I get the feeling the book itself only touches on the many problems of living life with Asperger’s. I imagine that it would be much more difficult for all parties in long term reality than it was in this short tale. Christopher seems to find ways to deal with things, but sometimes his coping mechanisms cause the people around him to experience the same stress he is experiencing, only caused by his reactions to what most people would consider normal. It’s almost like he’s caught up in a vicious circle over which he has little control. Having said that, left to himself he has an astounding ability to deal with things that not many people with a less challenging life would not have. He can overcome obstacles if left to do it in his own way, as unconventional as those ways may be, like when he hides in the luggage rack on the way to London. He arrives in London in relative comfort despite acting in a manner which most people would consider unusual at best and inhuman at worst. Stuffing a child in a luggage rack would seem like mistreatment under normal circumstances, yet Christopher is happier that way than he would have been in a first class carriage. All in all it’s a strange world to consider, from a non-Asperger’s point of view. It’s odd to think how differently one person can view things from another, which is why this book seems to turn the world upside down and leaves you wondering who is actually normal.

Wednesday, 3 September 2008

Anne of Green Gables

I’ve just read several books in the series and they are just as enjoyable now as they were when I read them years ago. I suppose form an adults point of view, you have less sympathy with Anne and more with Marilla, but the stories are cute just the same. The books themselves are the kind of wholesome books I would recommend for any child. Yes, they are old-fashioned, but I can’t help but feeling that if children were still brought up that way, that society would be a better place. Of course, the books themselves are fairly idyllic and certainly don’t reflect the reality of the time everywhere in the world, but they do present an ideal which gives the reader something to strive for instead of presenting them with a bleak picture of the way it really was/is as so often happens today. I suppose they are the Leave it to Beaver of an earlier era, although they don’t have quite the same contrived feeling.

Anyway, they’re cute books and I can recommend them to anyone as a good, simple read.

In Cold Blood - Truman Capote

This is another one of those books that leaves me lost for words. The whole story and the feelings it arouses are so complex that it’s impossible to say it’s a great book or horrible or disturbing. It’s really all of those combined. It is a good book. It’s extremely well written. It must be or it wouldn’t be so incredibly provoking.

The books itself is a dramatization of the brutal murders of 4 members of a quiet and respectable Kansas family which took place in 1959. Capote starts out by describing the family members and their last day on earth, which creates an eerie atmosphere. He forces you to like the family, because it’s just impossible not to like them, even though you know what is to come and you’re desperately trying to distance yourself from them in order to soften the blow when it does happen. He then goes on to tell the tale of the town after the murders, the tale of the FBI and other law officers who are looking for the killers and the tale of the murderers themselves. The result is an odd mixture of understanding for the town and it’s inhabitants, wanting the FBI to find the killers despite the difficulties they face and an odd sort of sympathy with at least one of the two men who cold bloodedly killed the family.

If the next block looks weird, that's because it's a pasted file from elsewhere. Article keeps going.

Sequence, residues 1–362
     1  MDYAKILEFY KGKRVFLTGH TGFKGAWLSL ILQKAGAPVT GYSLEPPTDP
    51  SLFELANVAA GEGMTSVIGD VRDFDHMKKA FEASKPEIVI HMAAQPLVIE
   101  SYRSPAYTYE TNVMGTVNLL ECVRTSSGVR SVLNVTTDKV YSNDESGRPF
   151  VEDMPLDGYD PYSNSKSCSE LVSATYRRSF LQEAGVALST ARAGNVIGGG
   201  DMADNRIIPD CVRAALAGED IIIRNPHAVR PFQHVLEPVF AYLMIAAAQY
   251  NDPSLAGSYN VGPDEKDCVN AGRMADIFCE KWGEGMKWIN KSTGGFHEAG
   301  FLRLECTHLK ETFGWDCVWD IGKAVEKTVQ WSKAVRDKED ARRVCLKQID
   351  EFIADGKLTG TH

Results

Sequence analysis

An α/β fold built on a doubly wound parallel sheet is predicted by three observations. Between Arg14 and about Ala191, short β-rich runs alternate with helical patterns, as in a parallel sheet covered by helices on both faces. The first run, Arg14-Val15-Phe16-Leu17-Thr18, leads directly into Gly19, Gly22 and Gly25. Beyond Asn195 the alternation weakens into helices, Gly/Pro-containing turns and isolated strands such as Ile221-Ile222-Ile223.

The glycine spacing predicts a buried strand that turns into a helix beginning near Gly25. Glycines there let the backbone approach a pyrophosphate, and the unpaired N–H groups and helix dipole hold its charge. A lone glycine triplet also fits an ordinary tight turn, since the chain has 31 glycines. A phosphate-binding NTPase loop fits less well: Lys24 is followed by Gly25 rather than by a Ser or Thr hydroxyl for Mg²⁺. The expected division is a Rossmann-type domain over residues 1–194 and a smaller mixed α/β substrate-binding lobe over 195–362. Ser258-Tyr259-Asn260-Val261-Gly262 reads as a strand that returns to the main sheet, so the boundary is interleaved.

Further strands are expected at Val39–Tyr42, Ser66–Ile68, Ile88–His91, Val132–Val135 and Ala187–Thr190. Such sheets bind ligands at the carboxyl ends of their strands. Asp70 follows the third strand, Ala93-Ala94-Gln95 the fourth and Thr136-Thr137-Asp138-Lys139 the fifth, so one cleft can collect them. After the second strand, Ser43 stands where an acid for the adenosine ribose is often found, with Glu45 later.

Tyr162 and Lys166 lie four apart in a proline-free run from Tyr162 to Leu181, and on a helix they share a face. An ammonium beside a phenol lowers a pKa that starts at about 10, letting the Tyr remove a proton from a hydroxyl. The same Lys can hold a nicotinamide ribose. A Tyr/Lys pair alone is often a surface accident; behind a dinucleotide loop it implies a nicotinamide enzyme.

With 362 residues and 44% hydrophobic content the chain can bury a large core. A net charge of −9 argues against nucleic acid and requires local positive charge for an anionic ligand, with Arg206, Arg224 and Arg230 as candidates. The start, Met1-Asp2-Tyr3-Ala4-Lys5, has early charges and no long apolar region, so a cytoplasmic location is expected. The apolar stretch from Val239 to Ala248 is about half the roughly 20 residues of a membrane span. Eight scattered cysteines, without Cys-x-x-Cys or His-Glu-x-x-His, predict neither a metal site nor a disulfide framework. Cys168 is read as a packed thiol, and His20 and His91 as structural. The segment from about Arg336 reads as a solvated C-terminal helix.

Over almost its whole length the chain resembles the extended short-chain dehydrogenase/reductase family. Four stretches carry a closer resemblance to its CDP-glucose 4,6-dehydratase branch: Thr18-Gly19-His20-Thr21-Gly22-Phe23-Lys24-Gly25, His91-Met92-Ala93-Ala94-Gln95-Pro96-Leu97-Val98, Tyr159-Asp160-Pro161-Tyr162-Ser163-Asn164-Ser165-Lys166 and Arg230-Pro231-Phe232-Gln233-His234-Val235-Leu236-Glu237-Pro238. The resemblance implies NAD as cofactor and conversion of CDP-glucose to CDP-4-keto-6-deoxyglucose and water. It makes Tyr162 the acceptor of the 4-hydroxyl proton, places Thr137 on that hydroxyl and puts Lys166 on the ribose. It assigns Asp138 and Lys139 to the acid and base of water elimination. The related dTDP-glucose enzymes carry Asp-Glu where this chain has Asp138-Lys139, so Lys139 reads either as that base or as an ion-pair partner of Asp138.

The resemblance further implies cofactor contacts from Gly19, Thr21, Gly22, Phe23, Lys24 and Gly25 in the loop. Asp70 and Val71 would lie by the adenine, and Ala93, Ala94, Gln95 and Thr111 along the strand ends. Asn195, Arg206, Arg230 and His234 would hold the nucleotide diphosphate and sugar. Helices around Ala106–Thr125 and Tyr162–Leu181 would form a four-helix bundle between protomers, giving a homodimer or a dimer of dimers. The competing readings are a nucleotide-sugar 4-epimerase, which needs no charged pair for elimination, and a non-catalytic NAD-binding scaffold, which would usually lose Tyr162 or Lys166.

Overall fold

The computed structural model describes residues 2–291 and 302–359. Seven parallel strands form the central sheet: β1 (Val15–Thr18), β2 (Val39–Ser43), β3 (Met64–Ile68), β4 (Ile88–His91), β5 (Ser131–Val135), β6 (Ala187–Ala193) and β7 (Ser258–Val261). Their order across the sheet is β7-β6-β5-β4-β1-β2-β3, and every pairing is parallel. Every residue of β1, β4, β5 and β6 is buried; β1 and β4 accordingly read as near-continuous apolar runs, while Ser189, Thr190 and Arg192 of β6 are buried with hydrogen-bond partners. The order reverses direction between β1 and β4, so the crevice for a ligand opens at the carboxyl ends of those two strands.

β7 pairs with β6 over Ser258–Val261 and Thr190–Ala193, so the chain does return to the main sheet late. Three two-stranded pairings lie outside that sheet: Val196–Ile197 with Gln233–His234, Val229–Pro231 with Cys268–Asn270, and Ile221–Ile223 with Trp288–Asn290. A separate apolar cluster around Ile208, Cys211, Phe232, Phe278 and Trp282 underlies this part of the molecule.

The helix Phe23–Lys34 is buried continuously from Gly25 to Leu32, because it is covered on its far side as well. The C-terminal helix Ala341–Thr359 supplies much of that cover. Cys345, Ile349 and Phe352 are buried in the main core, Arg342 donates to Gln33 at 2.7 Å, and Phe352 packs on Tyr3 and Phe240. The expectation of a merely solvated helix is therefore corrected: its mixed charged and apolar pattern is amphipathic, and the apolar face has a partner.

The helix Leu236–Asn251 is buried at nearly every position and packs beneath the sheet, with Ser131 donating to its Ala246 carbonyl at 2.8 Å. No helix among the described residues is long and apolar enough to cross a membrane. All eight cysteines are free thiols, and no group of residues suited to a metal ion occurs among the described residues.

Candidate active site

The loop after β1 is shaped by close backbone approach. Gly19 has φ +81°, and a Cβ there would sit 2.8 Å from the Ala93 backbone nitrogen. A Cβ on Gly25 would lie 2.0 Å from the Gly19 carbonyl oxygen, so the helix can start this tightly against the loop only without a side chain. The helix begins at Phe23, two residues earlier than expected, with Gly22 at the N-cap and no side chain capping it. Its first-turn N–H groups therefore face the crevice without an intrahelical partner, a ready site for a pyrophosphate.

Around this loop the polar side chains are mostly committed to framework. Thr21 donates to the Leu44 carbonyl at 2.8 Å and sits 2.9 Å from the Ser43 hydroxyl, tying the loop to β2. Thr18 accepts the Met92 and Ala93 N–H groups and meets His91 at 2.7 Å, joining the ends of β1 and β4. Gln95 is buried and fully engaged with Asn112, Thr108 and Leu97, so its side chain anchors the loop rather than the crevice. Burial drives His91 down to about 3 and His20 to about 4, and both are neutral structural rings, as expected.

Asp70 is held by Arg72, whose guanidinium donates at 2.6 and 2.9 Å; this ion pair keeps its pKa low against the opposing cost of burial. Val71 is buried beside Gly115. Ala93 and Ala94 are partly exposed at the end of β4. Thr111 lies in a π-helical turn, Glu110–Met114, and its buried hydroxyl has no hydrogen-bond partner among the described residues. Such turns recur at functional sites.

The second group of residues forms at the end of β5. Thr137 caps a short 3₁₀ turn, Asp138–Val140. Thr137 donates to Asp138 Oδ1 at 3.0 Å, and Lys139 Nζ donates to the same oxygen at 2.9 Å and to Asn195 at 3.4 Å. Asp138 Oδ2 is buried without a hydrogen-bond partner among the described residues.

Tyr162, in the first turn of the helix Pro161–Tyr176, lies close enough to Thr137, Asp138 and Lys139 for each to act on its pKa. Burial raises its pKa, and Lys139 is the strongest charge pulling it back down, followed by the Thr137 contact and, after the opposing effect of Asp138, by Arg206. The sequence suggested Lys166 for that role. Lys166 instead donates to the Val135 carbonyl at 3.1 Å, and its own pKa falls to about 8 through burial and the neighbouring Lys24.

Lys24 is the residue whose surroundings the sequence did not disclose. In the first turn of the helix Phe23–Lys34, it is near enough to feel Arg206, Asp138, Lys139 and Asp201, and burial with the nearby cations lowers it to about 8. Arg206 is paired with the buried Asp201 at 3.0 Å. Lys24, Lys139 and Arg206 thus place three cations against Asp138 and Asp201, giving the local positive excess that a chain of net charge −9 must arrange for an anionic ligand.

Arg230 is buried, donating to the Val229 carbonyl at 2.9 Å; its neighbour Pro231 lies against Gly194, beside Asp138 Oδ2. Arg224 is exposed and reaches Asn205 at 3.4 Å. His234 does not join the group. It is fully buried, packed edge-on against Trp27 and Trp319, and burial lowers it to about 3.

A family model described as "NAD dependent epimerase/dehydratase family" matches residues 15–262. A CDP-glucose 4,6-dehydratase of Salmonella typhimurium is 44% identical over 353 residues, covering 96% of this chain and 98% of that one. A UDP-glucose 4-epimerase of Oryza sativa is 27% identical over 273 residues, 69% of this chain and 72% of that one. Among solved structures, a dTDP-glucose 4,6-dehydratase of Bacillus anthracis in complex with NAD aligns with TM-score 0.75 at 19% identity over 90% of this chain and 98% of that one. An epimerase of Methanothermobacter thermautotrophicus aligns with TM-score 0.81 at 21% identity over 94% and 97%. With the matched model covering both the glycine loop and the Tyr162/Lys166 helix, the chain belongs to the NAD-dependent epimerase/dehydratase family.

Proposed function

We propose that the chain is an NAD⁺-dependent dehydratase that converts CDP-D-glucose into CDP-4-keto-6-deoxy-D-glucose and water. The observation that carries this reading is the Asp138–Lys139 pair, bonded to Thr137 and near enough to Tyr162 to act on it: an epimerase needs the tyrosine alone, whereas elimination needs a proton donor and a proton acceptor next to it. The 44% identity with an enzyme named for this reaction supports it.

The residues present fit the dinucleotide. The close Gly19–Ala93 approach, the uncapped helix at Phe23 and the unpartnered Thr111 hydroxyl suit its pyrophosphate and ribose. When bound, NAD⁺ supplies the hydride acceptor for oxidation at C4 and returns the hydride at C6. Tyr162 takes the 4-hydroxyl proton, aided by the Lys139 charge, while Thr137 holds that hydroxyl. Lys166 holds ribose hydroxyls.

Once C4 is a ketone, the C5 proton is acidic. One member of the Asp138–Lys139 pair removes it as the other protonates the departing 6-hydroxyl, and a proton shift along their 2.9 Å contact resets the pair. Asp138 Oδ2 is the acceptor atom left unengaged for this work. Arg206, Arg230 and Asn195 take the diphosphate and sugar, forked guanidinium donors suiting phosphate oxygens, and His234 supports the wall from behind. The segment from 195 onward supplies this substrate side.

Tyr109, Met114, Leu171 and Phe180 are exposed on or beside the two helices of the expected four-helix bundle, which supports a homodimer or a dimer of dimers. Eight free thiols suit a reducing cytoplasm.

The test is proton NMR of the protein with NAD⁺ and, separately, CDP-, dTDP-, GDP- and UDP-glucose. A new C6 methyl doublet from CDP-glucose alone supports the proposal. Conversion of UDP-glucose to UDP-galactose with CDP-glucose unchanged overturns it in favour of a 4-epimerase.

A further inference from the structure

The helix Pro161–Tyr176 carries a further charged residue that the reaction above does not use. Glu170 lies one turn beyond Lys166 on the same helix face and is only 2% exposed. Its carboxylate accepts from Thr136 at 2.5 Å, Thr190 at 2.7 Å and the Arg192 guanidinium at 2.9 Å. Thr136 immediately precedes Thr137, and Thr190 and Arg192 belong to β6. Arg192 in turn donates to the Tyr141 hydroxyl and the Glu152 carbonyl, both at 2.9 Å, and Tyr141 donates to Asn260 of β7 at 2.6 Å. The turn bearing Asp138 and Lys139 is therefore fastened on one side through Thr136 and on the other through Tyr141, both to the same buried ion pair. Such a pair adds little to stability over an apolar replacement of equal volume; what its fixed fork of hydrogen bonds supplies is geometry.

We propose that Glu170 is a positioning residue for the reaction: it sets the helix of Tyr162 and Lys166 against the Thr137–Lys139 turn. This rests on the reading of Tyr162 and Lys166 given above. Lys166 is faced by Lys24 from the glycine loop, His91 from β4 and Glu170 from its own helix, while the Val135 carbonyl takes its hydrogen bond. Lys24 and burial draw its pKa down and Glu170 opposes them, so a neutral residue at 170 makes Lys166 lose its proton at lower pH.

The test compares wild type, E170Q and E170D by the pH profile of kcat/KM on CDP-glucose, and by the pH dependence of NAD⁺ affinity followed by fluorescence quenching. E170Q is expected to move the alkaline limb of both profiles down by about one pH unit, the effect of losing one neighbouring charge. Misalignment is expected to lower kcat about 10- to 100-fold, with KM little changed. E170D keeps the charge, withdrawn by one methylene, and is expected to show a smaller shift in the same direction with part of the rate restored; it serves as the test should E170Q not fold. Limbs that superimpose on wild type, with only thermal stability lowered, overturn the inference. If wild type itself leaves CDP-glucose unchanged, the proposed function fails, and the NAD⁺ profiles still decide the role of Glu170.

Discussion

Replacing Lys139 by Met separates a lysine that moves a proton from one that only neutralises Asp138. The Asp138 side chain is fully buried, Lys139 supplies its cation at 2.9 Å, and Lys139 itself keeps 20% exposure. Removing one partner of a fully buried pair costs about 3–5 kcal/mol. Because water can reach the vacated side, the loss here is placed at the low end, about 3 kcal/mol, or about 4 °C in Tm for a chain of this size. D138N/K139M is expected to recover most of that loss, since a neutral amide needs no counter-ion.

The murders cause an understandable mistrust amongst the town’s inhabitants because they all assume there must be a reason for the murders other than simply robbery. Mr. Clutter was well known as a man in the town and everyone knew he didn’t carry cash, so robbery couldn’t have been a motive. Therefore it must have been something else and it must, or at least might, be someone who knew him well and committed the crimes for a personal reason. However, while they are busy mistrusting each other, they also show an incredible amount of compassion for the FBI agents, the journalists and even the unknown murderers. The people who live there are so nice to the bone that they are incapable of feeling hate even though evil has invaded them in such a horrendous manner. Even once the killers are captured, they show an incredible amount of compassion, understanding and kindness for them. Most of the town are even against dealing out the death penalty on the grounds that such a penalty would leave the killers too little time to reflect, repent and come to God before their deaths. That amount of compassion and understanding is incredible, especially as seen from this day and age where there is precious little of it, at least on that level, less.

Interspersed with the town’s tale is the story of the two killers, both before and after the crime. He creates an odd view of them by showing them going about their lives. They seem to be more or less regular guys who aren’t really notable in anyway, except on the odd occasion and even then only if you’re looking for it. He tells about their childhoods and teenage years and how their characters developed into men who are capable of murder. As the story continues, the reader is more or less forced to continually reconsider their opinion of the men. In the end, however, it doesn’t really matter how sorry you felt for them or not, both were mentally disturbed in one manner or another and even if you are against the death penalty, there wasn’t much choice according to Kansas law at the time. They either got life with the possibility of parole or the death penalty. Since neither of the two should ever have been let loose in public again, the death penalty was really the only sensible option in regards to the public good.

Frankly, I was glad to finish the book. The death of the family made me infinitely sad and the conflict the book caused between my sense of the death penalty being basically wrong, but the knowledge that these men were truly dangerous and had to be kept for re-entering society was depressing. I was glad to no longer have to deal with the killers and their psyches and to not have to think about the Clutter family and the unfairness of it all. Still, it was a good book and worth the read.